Venus and Cupid

Topics: Aphrodite, Marriage, Love Pages: 4 (1252 words) Published: June 3, 2013
Venus and Cupid by Lorenzo Lotto is definitely one of the most unusual paintings when viewed through 21st century eyes. The painting depicts Venus lying on her left side, naked, and Cupid standing about a foot behind her. Inspired by ancient marriage poems, known as “epithalamia,” the painting was apparently painted to celebrate a wedding and Venus’s body type and facial features were taken from that of the bride to be’s. The painter included a few items in the picture that relate to Venus and to the sacrament of marriage. On Venus’s head is a crown (considered a “crown” in those times but we call it a tiara today [it’s much smaller]) with a veil cascading down the back. Rose petals line her sexual attributes and she holds up a wreath made of ivy and myrtle1, a symbol of fidelity and was worn by the bride. Behind Venus’s head, a conch shell dangles and finally, placed randomly around the two is a coiling serpent, a rod, roses, and an incense burner. Cupid, as he stands behind his mother, also has his right hand holding up the wreath. On his head is a wreath of his own made of only myrtle , and his angel wings are opened and spread pulling the viewer into his angelic glow. His right hand holds his genitals as he aims his urine through the wreath (held by both him and Venus) and onto Venus’s lap.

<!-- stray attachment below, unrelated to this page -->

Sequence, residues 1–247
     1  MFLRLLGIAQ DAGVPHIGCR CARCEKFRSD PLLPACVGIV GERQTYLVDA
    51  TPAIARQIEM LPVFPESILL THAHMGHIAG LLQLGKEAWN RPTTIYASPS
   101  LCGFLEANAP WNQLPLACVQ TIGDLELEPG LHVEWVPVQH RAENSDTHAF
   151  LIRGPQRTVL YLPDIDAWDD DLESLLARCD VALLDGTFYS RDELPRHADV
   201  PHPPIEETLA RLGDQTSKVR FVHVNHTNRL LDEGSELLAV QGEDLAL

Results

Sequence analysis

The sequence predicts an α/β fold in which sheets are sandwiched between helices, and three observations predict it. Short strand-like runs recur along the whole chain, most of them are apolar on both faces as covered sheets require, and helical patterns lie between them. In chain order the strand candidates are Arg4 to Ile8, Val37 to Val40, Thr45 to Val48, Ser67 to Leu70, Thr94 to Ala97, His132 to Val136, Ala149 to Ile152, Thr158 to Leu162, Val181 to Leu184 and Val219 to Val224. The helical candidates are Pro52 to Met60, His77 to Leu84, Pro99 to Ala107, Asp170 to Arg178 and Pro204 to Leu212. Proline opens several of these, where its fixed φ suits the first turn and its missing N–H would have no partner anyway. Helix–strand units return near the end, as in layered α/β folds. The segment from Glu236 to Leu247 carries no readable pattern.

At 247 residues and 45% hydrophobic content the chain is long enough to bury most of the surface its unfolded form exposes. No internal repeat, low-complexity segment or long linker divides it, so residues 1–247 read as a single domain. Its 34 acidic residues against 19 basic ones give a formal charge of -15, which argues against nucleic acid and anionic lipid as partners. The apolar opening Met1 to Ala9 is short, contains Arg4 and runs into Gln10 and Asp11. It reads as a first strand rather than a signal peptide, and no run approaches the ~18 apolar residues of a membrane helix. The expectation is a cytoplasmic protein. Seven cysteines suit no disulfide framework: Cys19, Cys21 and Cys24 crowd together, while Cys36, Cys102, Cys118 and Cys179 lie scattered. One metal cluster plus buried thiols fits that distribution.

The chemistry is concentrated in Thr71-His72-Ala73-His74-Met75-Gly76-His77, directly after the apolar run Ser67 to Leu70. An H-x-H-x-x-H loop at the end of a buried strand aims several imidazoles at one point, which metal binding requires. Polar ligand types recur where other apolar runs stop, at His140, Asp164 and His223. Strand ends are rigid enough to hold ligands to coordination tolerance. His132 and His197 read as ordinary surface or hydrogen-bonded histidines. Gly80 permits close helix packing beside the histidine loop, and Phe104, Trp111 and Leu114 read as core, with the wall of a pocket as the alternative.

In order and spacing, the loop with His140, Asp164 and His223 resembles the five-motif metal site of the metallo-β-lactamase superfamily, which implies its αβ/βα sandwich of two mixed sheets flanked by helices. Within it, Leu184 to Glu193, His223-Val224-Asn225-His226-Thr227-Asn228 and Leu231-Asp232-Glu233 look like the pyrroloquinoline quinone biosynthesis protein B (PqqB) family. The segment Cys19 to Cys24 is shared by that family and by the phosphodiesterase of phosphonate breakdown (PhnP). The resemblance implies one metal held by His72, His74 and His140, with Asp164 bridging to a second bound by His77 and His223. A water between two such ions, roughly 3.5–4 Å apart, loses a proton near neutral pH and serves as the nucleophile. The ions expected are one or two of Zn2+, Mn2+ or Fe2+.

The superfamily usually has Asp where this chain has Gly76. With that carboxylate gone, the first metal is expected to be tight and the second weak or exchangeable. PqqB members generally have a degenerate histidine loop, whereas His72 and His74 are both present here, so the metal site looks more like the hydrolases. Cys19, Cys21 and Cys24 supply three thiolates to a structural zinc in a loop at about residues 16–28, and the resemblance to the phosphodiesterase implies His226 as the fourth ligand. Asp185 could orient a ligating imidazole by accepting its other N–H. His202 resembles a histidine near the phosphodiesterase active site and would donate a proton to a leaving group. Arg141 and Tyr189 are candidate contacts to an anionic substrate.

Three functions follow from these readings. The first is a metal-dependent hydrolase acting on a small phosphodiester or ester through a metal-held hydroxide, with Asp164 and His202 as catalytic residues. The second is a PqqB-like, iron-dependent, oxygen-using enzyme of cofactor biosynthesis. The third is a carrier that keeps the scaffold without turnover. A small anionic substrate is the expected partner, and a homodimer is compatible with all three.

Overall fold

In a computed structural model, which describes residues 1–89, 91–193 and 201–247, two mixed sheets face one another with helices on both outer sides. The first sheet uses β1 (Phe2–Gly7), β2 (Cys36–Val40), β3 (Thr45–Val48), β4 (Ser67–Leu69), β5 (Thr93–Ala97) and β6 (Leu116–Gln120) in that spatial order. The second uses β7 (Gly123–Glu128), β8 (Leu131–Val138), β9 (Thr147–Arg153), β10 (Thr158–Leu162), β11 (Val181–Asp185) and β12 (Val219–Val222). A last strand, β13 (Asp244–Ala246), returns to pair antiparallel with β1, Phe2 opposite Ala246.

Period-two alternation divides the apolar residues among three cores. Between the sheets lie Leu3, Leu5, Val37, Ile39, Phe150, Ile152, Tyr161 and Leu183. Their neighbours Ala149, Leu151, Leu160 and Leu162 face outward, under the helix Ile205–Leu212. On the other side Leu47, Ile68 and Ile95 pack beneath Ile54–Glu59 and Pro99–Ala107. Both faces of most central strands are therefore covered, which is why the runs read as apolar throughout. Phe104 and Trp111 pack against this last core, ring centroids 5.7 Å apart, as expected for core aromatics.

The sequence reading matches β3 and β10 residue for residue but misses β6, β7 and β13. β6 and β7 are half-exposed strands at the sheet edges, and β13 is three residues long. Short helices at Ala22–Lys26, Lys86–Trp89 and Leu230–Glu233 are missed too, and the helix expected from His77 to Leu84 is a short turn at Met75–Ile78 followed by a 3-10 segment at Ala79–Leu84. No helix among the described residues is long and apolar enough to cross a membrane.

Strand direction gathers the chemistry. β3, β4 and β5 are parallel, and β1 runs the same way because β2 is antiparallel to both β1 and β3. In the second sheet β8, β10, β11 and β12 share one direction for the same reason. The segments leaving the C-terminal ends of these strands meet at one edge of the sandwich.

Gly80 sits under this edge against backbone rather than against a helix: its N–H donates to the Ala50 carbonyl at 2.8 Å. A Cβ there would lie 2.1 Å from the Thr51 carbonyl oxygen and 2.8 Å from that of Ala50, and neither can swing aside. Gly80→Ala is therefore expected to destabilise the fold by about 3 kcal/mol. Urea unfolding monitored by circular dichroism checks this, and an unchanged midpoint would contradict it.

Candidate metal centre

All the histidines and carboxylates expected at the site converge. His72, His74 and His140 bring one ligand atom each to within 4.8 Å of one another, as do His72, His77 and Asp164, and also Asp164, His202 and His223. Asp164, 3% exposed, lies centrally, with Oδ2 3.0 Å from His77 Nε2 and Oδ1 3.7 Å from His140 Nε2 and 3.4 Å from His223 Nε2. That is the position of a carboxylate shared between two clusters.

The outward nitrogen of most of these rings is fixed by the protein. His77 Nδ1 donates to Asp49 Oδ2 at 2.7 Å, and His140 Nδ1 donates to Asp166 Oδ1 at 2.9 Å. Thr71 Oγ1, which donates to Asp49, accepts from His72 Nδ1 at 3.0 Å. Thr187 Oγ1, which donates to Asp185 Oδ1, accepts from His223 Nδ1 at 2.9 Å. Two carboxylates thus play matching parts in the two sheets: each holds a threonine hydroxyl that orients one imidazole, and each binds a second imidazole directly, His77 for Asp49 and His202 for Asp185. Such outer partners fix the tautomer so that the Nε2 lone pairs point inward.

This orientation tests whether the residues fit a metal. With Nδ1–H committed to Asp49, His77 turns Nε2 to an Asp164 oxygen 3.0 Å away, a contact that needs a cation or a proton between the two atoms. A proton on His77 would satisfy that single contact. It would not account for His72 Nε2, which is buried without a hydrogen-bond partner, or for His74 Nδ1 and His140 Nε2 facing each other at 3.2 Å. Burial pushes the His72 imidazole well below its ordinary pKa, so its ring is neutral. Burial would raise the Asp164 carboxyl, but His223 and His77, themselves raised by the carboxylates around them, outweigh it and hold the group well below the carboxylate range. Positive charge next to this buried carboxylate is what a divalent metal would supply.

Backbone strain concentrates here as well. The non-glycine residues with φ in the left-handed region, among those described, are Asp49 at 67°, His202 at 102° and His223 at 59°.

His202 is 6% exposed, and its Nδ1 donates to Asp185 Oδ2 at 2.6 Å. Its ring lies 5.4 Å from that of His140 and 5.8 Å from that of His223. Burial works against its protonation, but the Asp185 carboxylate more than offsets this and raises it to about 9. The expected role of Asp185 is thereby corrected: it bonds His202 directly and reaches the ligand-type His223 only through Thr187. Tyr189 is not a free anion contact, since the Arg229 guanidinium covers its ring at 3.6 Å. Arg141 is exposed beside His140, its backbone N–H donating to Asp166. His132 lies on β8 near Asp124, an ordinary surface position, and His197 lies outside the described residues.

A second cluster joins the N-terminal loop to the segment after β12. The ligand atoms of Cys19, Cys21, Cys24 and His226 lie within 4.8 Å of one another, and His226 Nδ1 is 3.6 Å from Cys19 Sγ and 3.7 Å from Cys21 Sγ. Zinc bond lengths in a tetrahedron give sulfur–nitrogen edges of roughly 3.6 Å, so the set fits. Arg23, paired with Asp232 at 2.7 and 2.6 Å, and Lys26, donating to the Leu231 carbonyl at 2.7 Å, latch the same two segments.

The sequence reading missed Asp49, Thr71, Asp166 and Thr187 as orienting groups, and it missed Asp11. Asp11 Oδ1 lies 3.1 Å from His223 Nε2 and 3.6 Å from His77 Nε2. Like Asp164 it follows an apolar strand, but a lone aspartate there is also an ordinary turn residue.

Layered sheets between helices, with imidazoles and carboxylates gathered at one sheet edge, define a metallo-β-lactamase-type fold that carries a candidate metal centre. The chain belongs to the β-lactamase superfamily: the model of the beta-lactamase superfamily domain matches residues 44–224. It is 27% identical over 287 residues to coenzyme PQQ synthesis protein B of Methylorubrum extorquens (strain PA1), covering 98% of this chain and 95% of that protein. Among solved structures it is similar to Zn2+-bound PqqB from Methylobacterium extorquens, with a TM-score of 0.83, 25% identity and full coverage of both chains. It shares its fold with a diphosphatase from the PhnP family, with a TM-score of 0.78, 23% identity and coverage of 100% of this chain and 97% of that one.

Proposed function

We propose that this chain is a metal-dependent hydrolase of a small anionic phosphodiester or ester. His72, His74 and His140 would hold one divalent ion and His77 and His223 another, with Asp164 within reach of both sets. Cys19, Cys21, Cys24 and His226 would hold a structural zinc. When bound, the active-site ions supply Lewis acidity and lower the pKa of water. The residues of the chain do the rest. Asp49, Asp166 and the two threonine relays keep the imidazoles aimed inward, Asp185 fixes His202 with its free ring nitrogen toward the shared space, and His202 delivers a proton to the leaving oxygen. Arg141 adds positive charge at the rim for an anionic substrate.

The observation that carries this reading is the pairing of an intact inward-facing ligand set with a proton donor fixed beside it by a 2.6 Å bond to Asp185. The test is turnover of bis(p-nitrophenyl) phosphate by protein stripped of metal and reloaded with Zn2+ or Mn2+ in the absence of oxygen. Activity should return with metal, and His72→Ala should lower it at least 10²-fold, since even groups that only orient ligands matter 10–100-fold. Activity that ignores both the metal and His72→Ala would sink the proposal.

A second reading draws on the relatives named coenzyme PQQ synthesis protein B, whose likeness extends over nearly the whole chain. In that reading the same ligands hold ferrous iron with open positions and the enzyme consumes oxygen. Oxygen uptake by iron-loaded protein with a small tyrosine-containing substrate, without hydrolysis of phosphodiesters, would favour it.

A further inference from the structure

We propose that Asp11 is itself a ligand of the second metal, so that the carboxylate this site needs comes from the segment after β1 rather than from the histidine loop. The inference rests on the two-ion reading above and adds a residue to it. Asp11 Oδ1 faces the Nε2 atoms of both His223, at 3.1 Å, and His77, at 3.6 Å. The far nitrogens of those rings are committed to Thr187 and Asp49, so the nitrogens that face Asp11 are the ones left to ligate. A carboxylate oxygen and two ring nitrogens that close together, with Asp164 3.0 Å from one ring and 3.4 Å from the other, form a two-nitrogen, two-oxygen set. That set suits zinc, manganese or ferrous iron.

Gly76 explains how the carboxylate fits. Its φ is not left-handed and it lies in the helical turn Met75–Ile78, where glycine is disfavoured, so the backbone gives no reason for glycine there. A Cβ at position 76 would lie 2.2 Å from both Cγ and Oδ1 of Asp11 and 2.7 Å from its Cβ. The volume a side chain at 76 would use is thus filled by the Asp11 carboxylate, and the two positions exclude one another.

It was hard to understand exactly what was going on in this painting at first. It took me a couple of glances to put together the little I actually understood, the rest I got from hours of research and bewilderment. Venus, as she sits on the stain blue cloth, is wearing a cloth around her midriff. This cloth, I found, is called a diaphanous stophein, which is the times of Lotto, was worn by new brides. The tiara she wears on her head with the white veil draped down her back is symbolizing a practice that continues today. A woman’s wedding day is her day to be a princess and the veil symbolizes the innocence of a woman to be married. The brown conch shell hanging above...

Bibliography: 1. Bentley, D.M.R. ""Of Venus and of Cupid, -- Strange Old Tales" in the Work of D. G. Rossetti." Victorian Review 34.2 (Fall 2008): 83-102. Print.
2. Anonymous. "WTF Art History: Cupid Peeing on Venus." WTF Art History: Cupid Peeing on Venus. N.p., n.d. Web. 06 Apr. 2013.
3. Humfrey, Peter, and Lorenzo Lotto. Lorenzo Lotto. New Haven: Yale UP, 1997. Print.
4. Metropolitan Museum of Art
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